Personal OS-9 to return?

According to a post made today by Allan Batteiger in the Microware OS-9 public group on Facebook, we may finally see the return of a version of OS-9 for hobbyist use.

The message announced the pending release of OS-9/68K to version 4.0, and OS-9 for ARM, PowerPC and X86 to version 6.1. Notable updates including an new networking stack supporting IPv6, and updates to OPENSSL. He also mentioned work to get the CLANG/LLVM compiler generating code for OS-9 PowerPC and ARM, with an alpha release coming later this year.

Of interest to the hobbyist community:

“Work has been proceeding on the OS-9 for Makerspace. We now have USB & Networking working on the Raspberry Pi 1 & 2 boards. Work has started on the Raspberry Pi 3. Also work is moving forward on the BeagleBone Black and Asus Tinker boards. The plan is to release preliminary versions of the Makerspace OS-9 yet this year.” 

For those of us who used to run OS-9/6809 on the Radio Shack Color Computer, or OS-9/68K on systems like the MM/1, this is pretty exciting news. A low-cost Raspberry Pi could be very fun to play with, though it would be missing the advanced terminal and screen controls that we had under OS-9 Level 2 (CoCo) and K-Windows (MM/1). To me, porting that functionality would be one of the first projects we should undertake.

Exciting news!

11 thoughts on “Personal OS-9 to return?

      1. brianholdsworth

        Hi Allen. The BBC has a “Tube” interface that is there for supporting coprocessors, of which they shipped several varieties, including the very first ARM processor (recall Acorn is the company that created both the BBC micro and the ARM processor).

        PiTubeDirect is open source project that allows a Raspberry Pi to connect to the Tube interface and serve as a coprocessor.

        For this scenario, the Pi would be a (really fast) ARM coprocessor running this updated OS-9. The BBC micro provides all the keyboard, display, terminal, I/O, disk, etc. functionality for the ARM, just as it is designed to do for any other coprocessor you’d attach to its Tube interface.

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  1. Rob Schofield M.Sc. MIET

    There was an excellent Practical Electronics article (about 86, I think) that described a Tube interface between a Dragon D64 and a BBC-B. Essentially, the Beeb was slaved to the Dragon as a group of peripherals. Since I was running OS-9/6809 L1 on the D64, it struck me as a good way to expand the D’s capabilities, so I embarked on a driver writing session that got moderately far along (I seem to remember Paul Dayan had a hand in the port for Dragon Data), but then I got a job in NL and it stopped dead! I rather regret not completing that project. Both computers are sat here in their boxes under the bench, along with the CoCo3s that I have… and now a CC4! :D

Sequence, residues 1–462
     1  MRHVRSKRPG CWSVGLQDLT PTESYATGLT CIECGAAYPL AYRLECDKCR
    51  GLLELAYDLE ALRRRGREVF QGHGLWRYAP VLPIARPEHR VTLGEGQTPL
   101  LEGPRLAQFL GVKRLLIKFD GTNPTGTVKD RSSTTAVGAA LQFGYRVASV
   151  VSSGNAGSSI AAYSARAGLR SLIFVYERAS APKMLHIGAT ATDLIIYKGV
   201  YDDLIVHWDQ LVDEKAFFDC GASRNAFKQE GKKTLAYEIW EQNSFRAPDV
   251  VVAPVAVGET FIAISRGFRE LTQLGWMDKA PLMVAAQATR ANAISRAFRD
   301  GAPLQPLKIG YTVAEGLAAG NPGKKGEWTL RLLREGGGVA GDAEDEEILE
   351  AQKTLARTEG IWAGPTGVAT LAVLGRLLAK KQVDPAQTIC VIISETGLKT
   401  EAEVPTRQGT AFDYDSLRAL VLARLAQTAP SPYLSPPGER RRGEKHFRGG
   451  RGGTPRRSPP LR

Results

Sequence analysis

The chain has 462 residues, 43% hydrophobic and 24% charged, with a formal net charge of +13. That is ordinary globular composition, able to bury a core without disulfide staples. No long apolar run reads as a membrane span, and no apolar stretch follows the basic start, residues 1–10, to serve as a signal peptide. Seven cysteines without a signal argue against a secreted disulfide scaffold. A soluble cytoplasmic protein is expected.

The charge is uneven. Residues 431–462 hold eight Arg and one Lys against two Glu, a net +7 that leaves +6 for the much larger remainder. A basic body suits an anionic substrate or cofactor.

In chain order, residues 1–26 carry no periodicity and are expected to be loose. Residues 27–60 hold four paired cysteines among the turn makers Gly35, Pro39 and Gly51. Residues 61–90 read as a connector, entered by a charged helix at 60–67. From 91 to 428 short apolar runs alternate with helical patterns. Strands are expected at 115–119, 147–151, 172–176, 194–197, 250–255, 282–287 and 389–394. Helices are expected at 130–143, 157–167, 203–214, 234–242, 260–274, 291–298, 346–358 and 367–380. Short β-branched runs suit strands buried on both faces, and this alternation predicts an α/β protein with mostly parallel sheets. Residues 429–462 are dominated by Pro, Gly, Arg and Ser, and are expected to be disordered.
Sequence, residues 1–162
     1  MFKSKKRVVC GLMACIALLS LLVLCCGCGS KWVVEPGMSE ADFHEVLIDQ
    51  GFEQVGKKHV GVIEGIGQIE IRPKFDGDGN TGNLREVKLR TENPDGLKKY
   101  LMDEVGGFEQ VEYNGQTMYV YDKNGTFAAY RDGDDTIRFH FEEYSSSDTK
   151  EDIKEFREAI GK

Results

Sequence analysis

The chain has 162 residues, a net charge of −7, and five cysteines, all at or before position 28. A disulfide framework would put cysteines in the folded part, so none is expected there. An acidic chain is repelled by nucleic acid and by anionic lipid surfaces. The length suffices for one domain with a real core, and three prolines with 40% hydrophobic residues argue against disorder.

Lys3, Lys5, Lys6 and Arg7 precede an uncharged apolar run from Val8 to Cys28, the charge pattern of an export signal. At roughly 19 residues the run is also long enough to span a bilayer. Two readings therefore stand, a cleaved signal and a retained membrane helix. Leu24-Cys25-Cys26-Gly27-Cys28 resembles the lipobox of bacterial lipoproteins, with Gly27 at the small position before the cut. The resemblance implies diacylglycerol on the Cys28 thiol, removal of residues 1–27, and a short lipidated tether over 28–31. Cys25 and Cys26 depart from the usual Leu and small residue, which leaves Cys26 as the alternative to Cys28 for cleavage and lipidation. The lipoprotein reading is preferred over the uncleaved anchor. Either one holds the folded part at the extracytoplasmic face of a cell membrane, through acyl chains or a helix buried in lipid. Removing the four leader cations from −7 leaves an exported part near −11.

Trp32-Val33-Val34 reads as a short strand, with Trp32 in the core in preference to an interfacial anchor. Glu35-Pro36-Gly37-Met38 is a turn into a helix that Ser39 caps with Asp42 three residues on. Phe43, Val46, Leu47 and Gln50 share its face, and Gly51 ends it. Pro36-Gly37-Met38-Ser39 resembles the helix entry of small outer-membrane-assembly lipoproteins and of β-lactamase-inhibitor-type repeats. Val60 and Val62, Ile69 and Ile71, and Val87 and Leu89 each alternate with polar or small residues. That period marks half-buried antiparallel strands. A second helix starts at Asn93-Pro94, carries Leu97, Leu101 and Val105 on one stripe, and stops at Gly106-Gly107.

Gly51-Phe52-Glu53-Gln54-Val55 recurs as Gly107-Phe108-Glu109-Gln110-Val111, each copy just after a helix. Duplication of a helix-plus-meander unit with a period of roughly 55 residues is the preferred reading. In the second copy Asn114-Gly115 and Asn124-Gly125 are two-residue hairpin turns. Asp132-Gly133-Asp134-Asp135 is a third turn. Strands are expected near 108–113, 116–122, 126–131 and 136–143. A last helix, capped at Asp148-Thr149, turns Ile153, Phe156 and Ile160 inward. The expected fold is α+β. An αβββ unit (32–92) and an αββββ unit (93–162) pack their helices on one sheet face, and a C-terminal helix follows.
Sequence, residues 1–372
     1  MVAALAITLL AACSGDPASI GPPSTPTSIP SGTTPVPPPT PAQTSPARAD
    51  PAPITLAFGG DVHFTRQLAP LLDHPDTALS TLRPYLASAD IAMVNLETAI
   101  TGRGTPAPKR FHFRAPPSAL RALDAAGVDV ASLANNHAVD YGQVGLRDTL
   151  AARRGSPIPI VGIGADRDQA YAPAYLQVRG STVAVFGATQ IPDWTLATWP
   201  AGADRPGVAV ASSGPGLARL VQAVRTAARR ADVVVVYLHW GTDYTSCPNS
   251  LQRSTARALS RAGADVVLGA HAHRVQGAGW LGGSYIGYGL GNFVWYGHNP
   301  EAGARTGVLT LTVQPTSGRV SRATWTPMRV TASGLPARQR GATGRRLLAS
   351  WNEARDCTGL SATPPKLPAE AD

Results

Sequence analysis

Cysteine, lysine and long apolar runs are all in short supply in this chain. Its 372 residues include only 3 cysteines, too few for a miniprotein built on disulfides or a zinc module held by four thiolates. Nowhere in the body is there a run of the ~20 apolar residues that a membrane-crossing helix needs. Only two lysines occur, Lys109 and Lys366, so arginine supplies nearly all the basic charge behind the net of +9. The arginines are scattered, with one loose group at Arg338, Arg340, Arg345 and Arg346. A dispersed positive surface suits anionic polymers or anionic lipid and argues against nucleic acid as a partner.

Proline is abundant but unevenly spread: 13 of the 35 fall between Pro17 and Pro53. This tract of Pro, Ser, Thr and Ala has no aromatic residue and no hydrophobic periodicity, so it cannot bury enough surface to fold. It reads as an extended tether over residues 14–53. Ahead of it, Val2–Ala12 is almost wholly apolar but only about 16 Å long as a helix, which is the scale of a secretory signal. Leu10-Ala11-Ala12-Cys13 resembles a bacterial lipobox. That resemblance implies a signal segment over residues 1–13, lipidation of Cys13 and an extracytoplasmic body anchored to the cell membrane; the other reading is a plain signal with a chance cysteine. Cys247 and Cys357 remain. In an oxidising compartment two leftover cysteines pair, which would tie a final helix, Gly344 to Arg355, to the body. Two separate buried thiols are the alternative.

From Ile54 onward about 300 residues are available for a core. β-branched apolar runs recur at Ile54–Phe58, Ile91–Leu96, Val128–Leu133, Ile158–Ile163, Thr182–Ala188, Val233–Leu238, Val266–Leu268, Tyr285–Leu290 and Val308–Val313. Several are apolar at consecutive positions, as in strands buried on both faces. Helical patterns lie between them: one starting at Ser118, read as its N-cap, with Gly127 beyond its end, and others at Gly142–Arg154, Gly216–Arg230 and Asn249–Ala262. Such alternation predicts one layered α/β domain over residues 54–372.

Reply
    1. Brian Holdsworth

      Sounds pretty cool. For the new generation of OS-9 for Raspberry Pi, a first pass could be just updating the OS-9 kernel to use the BBC as its console interface, probably by replacing the default RS-232 console with ones that uses the Tube. All the other peripherals could still use RPi native stuff, initially. Then, gradually new drivers could supplement ARM I/O with using the BBC for disk access, bitmap graphics, etc. I bet the work would be not too different than the console driver you probably created before so the D64 would use the Tube interface to make the BBC your keyboard/terminal.

      Reply
  2. Walter ZAMBOTTI

    I would expect that OS-9 on a Raspberry PI would already have drivers for the built in video (HDMI), USB (keyboard mouse), Micro SD (storage). Push comes to shove, let’s get something (not matter how preliminary) out here! OS-9 already runs on other single board ARM packages according to microsys:

    MicroSys miriac™ SBC6Q, i.MX6Q
    Atmark Techno Armadillo840, R8A7740
    Atmark Techno Armadillo440, i.MX257
    OLIMEX A20-OLinuXino
    ZYBO, Xilinx Zxnq-7000
    Atmel AT91 SAMA5D3X-EK, SAMA5D3x
    WinSystems SBC35-c398Q, i.MX6Q

    Reply
    1. Allen Huffman Post author

      They didn’t have support for the USB the Pi uses, so no USB keyboard or mouse, and no networking since the Ethernet goes through the USB bus. That is/was the holdup. I guess they were using it with a serial terminal hooked to the UART pins on the IO connector.

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